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Eastern Connecticut State University hires firm to conduct independent review of its handling of Title IX claims

ECSU is awaiting the results of a third-party review into whether or not the school handles reports of sexual assault appropriately.

WINDHAM, Conn. — Eastern Connecticut State University has hired a consulting firm to conduct a review of how the school handles Title IX claims. The president of the university, Elsa Nuñez, said the firm will be looking into the school's policy and procedures, which are the same across all 17 Connecticut state colleges and universities. 

TNG Strategic Risk Management Solutions will be looking into whether or not the school handles reports of sexual assault appropriately.

"We believe we did, and if we did not, we believe we should fix it and make sure that it is a safe place for every student at Eastern and if there is something we are doing that's incorrect, that it be corrected," said Nuñez.

She said the university conducts an investigation when a report is made.

"We draw a conclusion, and we then share that with our police department and the police department works with the local authorities," she said.

The hiring of the consulting firm comes after dozens of survivors of sexual assault shared their experiences in an online forum, many accusing the school of mishandling the reports.

"We need to be heard and that we as a student body are realizing the magnitude of the issue and that magnitude has left a lot of hearts and people feeling very heavy and down," said Rachel Lebein, president and one of the founders of an on-campus organization, "Warriors Against Sexual Violence."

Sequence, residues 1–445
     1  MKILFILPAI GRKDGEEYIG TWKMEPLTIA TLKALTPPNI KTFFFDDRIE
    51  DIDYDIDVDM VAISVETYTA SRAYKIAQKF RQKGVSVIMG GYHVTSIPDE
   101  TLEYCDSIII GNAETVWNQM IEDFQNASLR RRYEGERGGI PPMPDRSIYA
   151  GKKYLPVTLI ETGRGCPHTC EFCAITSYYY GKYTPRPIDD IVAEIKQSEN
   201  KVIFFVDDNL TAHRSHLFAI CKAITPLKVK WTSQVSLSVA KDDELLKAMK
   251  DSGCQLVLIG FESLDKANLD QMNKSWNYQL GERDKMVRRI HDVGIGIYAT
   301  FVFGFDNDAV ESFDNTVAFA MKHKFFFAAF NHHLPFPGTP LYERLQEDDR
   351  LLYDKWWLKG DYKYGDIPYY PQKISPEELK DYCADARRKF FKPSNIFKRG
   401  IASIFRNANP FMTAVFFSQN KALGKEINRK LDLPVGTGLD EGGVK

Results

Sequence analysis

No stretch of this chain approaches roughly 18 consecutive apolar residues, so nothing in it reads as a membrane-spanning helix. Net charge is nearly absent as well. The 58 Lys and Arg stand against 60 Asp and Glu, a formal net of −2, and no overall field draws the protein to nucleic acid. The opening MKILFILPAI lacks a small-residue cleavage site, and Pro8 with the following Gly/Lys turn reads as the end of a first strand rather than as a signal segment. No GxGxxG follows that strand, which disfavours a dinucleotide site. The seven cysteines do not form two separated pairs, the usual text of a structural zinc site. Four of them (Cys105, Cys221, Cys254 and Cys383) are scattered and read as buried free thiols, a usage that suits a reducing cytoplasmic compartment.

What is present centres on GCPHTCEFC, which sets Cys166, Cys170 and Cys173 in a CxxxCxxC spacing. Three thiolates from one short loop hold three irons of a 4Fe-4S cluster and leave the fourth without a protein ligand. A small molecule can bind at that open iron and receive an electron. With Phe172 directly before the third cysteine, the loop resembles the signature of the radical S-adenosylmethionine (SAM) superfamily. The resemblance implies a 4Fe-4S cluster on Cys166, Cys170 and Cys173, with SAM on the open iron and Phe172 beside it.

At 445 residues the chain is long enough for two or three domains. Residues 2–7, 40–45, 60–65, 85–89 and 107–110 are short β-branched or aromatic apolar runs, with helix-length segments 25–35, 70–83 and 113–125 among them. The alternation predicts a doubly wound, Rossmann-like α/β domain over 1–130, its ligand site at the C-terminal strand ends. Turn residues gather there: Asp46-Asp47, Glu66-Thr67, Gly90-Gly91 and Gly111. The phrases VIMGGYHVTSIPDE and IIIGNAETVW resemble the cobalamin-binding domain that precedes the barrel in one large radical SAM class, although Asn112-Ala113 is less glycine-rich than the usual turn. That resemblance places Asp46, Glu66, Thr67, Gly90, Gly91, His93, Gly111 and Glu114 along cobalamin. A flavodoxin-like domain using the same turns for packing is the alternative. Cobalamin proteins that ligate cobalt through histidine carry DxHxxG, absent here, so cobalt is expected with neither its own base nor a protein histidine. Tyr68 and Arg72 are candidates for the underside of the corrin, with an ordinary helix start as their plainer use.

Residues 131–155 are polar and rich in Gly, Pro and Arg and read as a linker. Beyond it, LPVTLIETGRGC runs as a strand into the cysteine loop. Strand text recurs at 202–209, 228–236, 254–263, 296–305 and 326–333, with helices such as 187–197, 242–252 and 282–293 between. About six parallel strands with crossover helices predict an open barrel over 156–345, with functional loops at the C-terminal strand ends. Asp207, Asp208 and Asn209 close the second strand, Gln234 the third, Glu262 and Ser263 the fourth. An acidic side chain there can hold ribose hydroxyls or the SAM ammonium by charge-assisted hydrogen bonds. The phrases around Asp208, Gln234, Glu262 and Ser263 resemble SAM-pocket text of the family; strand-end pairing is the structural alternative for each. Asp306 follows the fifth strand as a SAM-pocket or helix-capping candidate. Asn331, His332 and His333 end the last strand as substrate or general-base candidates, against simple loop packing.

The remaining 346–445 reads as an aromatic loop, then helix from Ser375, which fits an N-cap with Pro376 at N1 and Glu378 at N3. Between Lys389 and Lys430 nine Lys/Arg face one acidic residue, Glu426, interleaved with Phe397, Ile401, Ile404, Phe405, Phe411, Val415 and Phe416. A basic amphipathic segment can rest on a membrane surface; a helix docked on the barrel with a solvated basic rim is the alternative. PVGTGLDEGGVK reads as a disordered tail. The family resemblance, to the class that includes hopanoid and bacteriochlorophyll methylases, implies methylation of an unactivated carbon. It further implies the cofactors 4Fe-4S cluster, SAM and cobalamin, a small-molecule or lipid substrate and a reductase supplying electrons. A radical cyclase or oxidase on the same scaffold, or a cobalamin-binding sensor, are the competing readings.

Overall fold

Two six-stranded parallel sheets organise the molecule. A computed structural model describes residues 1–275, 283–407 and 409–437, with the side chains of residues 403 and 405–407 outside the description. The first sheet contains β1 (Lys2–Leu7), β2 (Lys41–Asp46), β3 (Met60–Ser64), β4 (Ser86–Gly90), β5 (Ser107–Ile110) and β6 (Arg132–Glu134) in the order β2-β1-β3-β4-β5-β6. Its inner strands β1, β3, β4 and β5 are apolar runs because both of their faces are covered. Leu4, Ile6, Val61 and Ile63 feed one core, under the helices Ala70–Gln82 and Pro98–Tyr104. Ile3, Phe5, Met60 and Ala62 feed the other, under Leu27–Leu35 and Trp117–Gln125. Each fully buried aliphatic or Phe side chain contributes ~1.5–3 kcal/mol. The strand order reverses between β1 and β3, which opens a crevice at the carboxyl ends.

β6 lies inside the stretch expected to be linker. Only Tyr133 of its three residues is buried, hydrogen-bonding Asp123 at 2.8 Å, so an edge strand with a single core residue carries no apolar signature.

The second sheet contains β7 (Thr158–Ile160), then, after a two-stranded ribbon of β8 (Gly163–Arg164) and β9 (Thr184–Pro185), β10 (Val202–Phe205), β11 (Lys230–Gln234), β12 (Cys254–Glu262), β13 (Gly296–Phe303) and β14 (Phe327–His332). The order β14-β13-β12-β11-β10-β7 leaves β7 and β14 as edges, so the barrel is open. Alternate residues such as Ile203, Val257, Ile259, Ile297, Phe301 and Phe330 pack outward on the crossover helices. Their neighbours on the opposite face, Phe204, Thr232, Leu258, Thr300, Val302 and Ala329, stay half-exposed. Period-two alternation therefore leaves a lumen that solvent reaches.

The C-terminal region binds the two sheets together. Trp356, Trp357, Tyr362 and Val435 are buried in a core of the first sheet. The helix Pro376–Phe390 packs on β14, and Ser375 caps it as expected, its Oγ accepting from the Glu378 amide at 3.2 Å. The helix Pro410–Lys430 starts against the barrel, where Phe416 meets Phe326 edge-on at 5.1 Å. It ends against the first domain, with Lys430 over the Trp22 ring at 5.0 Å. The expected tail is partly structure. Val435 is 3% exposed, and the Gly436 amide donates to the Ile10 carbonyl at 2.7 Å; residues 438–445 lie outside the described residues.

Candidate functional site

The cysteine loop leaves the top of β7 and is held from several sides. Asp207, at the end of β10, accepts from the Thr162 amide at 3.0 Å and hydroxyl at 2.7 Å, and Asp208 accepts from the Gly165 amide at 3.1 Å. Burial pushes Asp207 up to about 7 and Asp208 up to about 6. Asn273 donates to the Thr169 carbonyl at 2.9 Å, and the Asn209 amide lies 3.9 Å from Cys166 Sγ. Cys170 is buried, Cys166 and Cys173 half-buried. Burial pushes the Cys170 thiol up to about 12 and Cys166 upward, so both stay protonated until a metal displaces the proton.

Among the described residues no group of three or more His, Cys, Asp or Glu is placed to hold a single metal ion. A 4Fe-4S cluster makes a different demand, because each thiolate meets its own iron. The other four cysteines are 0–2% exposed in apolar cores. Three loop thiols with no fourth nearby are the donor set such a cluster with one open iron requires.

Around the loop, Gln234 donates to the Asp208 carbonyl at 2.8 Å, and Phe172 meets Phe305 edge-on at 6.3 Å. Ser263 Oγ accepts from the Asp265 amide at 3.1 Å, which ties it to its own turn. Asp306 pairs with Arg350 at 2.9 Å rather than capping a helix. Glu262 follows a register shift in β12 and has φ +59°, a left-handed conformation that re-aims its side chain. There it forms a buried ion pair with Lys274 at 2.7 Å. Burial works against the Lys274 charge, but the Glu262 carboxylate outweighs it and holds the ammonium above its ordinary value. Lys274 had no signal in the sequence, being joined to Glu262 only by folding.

"Our goal is to just create a safe space for survivors to feel supported, believed, and share their stories and we want to empower them," she said.

According to the Rape, Abuse, and Incest National Network, 13% of all college students in the United States experience rape or sexual assault.

"I think colleges have a rape culture epidemic and Eastern is no exception," said Lebein.

Students at ECSU say the independent investigation is a good step in the right direction, but there are changes they want to see when it comes to supporting survivors who come forward.

"I think we definitely need more grief and emergency counseling on campus. Eastern only really has six counselors on campus for 5,000 students and only one psychiatrist. So when it comes to getting help, we have limited numbers," said Corina Yanes, a senior at ECSU.

"Creating a space that survivors feel supported and feel that they can come forward," said Leibin. "I think part of the problem at Eastern is the idea of revictimization throughout the reporting process," she said.

April is Sexual Assault Awareness Month, "Warriors Against Sexual Violence" held a day of action on campus this week, inviting survivors to share their stories through an art show.


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